The paper 'Western and Pacific Bank - Framework of Success" is a good example of a management case study. Westpac; a name derived by merging two words, Western and Pacific, represents one of the successful banks in Australia. The bank’ s headquarters are located in the heart of Sidney. In Australia, it is ranked among the four largest and customer-satisfactory banks; however, in New Zealand, it takes the second spot according to the 2014 Pacific business survey report. Additionally, in terms of assets, the bank takes the first spot in Australia with more than 1200 branches and over 2900 ATM machines countrywide (Keating, et al. , 2008).
2011 statistics reveal that Westpac bank serves more than 12 million banking customers. Research findings reveal that the success of Westpac bank is based on effective and efficient strategic planning performed by the bank’ s highly qualified management staff (Welter and Smallbone, 2011). This paper seeks to present a case study of Westpac bank and establish the bank’ s framework of success. Contextual discussion Importance of understanding behaviour in selecting new staff Westpac’ s managerial approach to selecting new staff reflects an understanding of individual behaviour; moreover, it is the main strategic reason behind the bank’ s tremendous success (Cuganesan, 2006).
The credibility of this statement lies in the behavioural theory of management which suggests that if managers understand the behaviour of the business workforce, they can easily motivate the employees to achieve the business’ set goals (DeRue, et al. , 2011). It is because; when the management shows interest in the well-being of the employees, the employees feel appreciated and accepted as being part of the business family. The objectives of the business become part of their responsibility which prompts them to work hard to fulfil their part (Welter and Smallbone, 2011).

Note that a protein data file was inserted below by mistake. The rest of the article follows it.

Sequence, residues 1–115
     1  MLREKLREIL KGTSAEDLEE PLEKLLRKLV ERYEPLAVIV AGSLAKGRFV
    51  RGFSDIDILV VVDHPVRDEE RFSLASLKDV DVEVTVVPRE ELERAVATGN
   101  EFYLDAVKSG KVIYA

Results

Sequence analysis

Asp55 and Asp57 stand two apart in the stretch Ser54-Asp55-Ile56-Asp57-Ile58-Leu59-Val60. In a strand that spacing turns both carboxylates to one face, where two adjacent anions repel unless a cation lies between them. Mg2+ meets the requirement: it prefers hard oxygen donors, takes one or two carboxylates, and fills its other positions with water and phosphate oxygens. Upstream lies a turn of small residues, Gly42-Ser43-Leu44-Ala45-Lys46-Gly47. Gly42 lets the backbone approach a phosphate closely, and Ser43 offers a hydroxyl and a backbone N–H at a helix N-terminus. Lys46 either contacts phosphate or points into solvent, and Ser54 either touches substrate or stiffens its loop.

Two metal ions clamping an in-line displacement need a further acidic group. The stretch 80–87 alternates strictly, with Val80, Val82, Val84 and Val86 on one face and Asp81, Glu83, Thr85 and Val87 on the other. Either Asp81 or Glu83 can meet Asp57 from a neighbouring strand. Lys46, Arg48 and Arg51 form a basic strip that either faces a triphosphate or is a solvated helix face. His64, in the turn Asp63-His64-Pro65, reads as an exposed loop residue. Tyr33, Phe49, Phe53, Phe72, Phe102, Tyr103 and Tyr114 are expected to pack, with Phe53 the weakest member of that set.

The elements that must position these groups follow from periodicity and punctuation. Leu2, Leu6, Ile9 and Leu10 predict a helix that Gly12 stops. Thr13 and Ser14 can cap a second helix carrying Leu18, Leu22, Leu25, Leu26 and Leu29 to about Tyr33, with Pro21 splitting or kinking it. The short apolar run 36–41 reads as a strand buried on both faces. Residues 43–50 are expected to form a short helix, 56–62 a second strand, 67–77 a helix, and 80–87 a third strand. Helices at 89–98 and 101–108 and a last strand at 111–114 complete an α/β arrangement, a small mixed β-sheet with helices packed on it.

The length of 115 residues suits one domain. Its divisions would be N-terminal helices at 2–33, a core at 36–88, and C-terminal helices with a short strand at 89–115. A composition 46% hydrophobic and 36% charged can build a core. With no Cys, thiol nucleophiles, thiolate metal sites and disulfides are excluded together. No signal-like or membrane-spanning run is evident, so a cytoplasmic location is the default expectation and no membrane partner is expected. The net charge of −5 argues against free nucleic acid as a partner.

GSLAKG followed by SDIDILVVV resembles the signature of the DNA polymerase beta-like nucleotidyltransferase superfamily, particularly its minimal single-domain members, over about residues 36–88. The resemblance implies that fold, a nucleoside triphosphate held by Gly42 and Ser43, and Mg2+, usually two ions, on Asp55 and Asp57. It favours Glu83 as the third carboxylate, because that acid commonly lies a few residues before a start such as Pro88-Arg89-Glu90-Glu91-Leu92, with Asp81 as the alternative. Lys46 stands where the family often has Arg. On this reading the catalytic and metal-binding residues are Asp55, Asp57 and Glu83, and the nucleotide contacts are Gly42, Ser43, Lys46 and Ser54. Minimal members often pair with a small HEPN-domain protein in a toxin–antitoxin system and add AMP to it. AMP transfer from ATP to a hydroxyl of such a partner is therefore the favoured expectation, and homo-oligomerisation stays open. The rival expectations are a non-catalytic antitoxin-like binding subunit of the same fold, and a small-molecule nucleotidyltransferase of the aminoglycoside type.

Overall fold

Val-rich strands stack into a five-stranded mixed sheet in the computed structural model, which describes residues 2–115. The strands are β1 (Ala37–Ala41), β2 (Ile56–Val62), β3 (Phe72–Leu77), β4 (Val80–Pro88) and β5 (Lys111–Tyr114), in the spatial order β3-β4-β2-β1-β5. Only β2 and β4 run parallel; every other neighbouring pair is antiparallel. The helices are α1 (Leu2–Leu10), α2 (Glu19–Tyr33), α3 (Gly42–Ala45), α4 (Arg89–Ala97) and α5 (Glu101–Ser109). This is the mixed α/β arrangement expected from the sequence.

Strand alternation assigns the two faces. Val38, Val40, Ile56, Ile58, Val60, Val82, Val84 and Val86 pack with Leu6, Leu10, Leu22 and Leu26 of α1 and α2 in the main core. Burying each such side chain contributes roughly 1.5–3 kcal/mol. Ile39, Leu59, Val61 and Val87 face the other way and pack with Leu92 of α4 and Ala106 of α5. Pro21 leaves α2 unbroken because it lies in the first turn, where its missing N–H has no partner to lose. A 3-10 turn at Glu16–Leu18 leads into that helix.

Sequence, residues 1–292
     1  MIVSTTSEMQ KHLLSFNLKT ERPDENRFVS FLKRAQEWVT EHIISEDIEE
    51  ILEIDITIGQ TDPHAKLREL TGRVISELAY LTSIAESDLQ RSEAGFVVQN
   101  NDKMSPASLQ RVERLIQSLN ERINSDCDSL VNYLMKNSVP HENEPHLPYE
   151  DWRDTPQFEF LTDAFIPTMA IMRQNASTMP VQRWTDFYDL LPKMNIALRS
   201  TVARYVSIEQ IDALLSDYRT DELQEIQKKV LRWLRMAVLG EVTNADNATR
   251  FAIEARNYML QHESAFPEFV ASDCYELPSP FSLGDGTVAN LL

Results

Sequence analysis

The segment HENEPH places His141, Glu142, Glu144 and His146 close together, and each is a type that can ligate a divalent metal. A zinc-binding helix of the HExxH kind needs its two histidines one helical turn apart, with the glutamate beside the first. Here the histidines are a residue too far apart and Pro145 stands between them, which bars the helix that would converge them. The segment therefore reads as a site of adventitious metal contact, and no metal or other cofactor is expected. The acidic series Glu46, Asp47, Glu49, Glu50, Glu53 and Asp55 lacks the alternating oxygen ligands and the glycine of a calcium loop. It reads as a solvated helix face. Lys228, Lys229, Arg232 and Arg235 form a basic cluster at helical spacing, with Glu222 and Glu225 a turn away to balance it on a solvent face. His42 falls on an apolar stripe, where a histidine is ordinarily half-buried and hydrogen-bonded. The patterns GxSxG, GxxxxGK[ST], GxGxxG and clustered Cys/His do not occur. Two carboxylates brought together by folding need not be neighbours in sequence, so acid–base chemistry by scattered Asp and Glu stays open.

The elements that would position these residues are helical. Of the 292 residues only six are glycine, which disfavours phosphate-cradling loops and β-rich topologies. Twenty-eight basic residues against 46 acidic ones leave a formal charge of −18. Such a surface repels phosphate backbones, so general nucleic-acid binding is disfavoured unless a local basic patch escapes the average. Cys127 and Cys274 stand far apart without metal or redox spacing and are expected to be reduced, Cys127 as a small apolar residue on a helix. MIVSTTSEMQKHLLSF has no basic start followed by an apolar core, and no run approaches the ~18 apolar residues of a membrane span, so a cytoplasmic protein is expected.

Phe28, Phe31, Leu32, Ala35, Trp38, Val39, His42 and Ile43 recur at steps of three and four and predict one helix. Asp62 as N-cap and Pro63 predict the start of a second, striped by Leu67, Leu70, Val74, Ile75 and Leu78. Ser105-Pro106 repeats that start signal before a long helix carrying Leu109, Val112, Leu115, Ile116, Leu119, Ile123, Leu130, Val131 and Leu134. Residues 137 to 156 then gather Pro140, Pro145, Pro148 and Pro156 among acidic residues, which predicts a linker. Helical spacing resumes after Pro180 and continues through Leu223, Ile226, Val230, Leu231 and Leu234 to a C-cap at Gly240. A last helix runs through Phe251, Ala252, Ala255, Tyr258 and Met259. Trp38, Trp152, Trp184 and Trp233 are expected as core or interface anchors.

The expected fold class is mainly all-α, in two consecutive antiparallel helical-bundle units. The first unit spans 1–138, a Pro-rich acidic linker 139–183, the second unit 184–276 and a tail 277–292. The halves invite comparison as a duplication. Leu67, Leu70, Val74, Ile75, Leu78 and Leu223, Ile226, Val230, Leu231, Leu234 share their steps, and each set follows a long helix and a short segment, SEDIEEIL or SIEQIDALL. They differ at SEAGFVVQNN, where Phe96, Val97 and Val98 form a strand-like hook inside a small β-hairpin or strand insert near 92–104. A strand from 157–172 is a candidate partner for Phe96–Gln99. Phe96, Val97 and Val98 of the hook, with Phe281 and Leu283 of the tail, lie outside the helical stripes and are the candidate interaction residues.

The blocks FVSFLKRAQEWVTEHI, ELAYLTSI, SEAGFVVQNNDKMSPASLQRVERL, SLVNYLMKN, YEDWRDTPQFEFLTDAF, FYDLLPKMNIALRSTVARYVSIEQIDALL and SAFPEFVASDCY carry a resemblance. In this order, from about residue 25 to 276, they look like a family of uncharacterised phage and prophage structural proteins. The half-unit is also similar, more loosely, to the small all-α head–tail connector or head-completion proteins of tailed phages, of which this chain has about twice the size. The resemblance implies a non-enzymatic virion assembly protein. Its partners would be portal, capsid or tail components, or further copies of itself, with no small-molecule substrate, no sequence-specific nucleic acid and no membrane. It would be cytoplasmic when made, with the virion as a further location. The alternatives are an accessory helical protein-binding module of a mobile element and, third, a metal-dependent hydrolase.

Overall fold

Using this approach the management is able to understand the weaknesses and strengths of every individual employee and by doing so, they are able to capitalize on the employees’ strengths to overshadow their weaknesses (Ho and Wu, 2006). This practice leads to the exploitation of the employees’ full potential and capability which directly promotes business success. Westpac management understood the principles of the behavioural management theory and applied them effectively and efficiently to suit its objectives (Freeman, 2010).
For instance, basing on the aspect of behaviour (the form of conduct between one person to another), the theory suggests that if employees are treated like human beings as opposed to automatic machines, they respond in a positive manner (DeRue, et al. , 2011). Given that it is a work environment, the employees tend to focus on the well-being of the company. This means that the employees tend to focus on their work by dedicating their entire knowledge, abilities, experience and time to ensure that they succeed in every task (Assink, 2006).
In this regard, they influence high productivity in that particular business organization. The same case applies to Westpac bank, whereby, the management staff of the bank understood that many business organizations did not appreciate mature-age employees (Keating, et al. , 2008). In fact, they discriminated them based on the false beliefs that mature-age employees were slow in the execution of their tasks, adamant to learn new skills and technology, hard to supervise, and generally unproductive because they are always looking forward to retirement rather than performance at work.
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